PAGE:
What’s more, you don’t have to be an exponent of critical race theory to notice that as other immigrants (such as the Irish) become honorary white people, Blacks remain permanently suspect to the kinds of losers and lone dementos who populate the fringes of the online, nativist far right.

Which brings us back to 18-year-old Payton Gendron with his soldier costume, his largely plagiarized 180-page manifesto and his arsenal of semi-automatic rifles. He’s too young to buy a six-pack, but Gendron had no difficulty arming himself like a one-man infantry platoon.

It’s entirely mad, yes, but it’s also the American Way: the Second Amendment as a constitutional death pact.

“White supremacy is a poison,” President Joe Biden said in an impassioned speech in Buffalo, “and it’s been allowed to fester and grow right in front of our eyes. No more.”

Well, it’s a nice thought.

Alas, I fear that for a substantial fraction of the population, race remains a key component of American identity. Gendron’s online manifesto shows that he avidly consumed what I call “race porn.” In his fractured mind, he saw himself as a heroic figure, linking himself with mass shooters worldwide: the 2019 Christchurch, New Zealand shooter who killed 51 Muslims in a mosque; the punk white supremacist who murdered nine Black parishioners in Charleston, South Carolina, in 2015; the anti-Semite who slaughtered 11 Jews in a Pittsburgh synagogue in 2018; and the shooter who killed 23 people in 2019 at an El Paso Walmart in an effort to defeat the “Hispanic invasion of Texas.”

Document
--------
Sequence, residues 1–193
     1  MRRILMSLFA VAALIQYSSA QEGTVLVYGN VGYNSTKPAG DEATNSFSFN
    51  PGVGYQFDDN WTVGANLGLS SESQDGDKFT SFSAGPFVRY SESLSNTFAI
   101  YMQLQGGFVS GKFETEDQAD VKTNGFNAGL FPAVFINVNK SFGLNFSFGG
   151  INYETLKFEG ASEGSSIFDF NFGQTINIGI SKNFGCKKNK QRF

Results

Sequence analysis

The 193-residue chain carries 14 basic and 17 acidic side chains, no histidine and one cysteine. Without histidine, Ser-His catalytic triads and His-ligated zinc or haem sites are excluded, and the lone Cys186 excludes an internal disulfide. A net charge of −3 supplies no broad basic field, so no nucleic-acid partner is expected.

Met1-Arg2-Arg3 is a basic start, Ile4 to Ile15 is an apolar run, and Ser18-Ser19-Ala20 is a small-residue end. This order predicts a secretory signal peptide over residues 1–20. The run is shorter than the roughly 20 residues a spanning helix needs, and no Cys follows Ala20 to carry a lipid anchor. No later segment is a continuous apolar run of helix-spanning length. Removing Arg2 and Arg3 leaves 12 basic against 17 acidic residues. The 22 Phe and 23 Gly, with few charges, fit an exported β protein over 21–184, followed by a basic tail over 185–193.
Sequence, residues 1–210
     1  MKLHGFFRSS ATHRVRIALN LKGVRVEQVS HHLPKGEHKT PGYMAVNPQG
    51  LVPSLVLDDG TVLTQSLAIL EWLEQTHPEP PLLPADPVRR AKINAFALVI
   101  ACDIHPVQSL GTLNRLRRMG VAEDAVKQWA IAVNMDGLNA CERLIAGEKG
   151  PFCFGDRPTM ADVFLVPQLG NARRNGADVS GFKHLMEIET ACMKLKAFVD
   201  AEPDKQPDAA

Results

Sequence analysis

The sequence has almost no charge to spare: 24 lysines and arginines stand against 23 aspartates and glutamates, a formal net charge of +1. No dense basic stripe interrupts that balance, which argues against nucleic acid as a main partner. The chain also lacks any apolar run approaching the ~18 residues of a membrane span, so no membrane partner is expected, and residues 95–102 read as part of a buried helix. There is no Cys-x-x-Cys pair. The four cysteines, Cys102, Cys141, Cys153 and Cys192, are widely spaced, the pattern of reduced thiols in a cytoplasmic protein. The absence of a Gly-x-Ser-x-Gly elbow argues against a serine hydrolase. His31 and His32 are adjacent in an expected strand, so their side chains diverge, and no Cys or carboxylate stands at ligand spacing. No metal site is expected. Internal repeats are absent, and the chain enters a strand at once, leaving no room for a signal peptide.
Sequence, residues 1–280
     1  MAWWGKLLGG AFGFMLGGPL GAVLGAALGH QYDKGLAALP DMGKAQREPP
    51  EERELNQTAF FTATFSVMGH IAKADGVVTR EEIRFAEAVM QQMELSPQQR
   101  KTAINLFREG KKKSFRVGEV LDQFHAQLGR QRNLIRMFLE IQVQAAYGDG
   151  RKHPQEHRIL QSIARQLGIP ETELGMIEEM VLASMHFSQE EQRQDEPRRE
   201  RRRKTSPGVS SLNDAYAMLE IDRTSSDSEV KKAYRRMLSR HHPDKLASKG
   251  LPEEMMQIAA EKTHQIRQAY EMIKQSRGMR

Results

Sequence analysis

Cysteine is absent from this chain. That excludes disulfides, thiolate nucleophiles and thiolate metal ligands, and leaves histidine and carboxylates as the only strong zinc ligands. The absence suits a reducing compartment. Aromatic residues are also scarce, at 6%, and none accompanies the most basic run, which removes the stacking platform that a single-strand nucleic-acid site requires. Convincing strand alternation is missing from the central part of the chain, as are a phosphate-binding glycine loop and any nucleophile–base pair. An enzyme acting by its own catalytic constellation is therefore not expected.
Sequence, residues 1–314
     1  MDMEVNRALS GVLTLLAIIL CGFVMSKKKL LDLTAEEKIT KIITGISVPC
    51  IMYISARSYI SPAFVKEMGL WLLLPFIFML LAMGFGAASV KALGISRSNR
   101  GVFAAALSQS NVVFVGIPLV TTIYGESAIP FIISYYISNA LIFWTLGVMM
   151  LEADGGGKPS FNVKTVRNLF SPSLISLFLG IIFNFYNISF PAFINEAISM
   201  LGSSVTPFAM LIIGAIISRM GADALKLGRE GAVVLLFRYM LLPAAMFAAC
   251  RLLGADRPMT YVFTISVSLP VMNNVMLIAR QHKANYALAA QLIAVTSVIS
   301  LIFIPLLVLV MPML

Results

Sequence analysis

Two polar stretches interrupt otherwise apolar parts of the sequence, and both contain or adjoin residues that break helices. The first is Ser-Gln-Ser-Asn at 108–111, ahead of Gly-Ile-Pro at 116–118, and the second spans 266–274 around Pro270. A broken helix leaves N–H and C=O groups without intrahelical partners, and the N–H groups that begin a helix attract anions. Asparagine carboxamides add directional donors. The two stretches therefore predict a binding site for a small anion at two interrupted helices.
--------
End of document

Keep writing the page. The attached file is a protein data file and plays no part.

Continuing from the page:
Saner minds, of course, recognize these deadly sad sacks for what they are: fearful weaklings whose only legacy is sorrow and destruction.

Meanwhile, what is there to say about cynical opportunists like Tucker Carlson and his Fox News colleagues ,who peddle this poison for fun and profit? Laura Ingraham, also a prime-time Fox News host, tells viewers that Democrats are conspiring to “replace you, the American voters, with newly amnestied citizens and an ever-increasing number of chain migrants.”

Supposedly, it’s Hollywood celebrities and shadowy billionaires who are behind the unholy scheme.

Author Ann Coulter peddles the same line. One of her recent books was entitled “Adios, America: The Left’s Plan to Turn Our Country Into a Third World Hellhole.” GOP politicians such as J.D. Vance, Matt Gaetz and Marjorie Taylor Greene have gotten aboard as well, painting imaginary targets on real people for self-intoxicated young men to shoot.

One prominent Republican has dissented. “The House GOP leadership has enabled white nationalism, white supremacy, and antisemitism,” Rep. Liz Cheney tweeted. “History has taught us that what begins with words ends in far worse.”

Send letters to letters@suntimes.com

Gene Lyons is a National Magazine Award winner and co-author of “The Hunting of the President.”